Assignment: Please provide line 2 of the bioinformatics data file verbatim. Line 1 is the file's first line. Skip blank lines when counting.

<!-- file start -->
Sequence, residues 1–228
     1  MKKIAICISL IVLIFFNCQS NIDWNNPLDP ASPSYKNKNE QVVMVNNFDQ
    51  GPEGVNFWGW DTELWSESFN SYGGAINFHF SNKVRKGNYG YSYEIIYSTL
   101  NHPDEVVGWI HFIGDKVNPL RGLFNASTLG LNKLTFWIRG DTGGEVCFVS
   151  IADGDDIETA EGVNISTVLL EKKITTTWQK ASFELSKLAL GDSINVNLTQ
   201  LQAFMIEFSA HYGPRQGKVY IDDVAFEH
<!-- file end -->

     1  MKKIAICISL IVLIFFNCQS NIDWNNPLDP ASPSYKNKNE QVVMVNNFDQ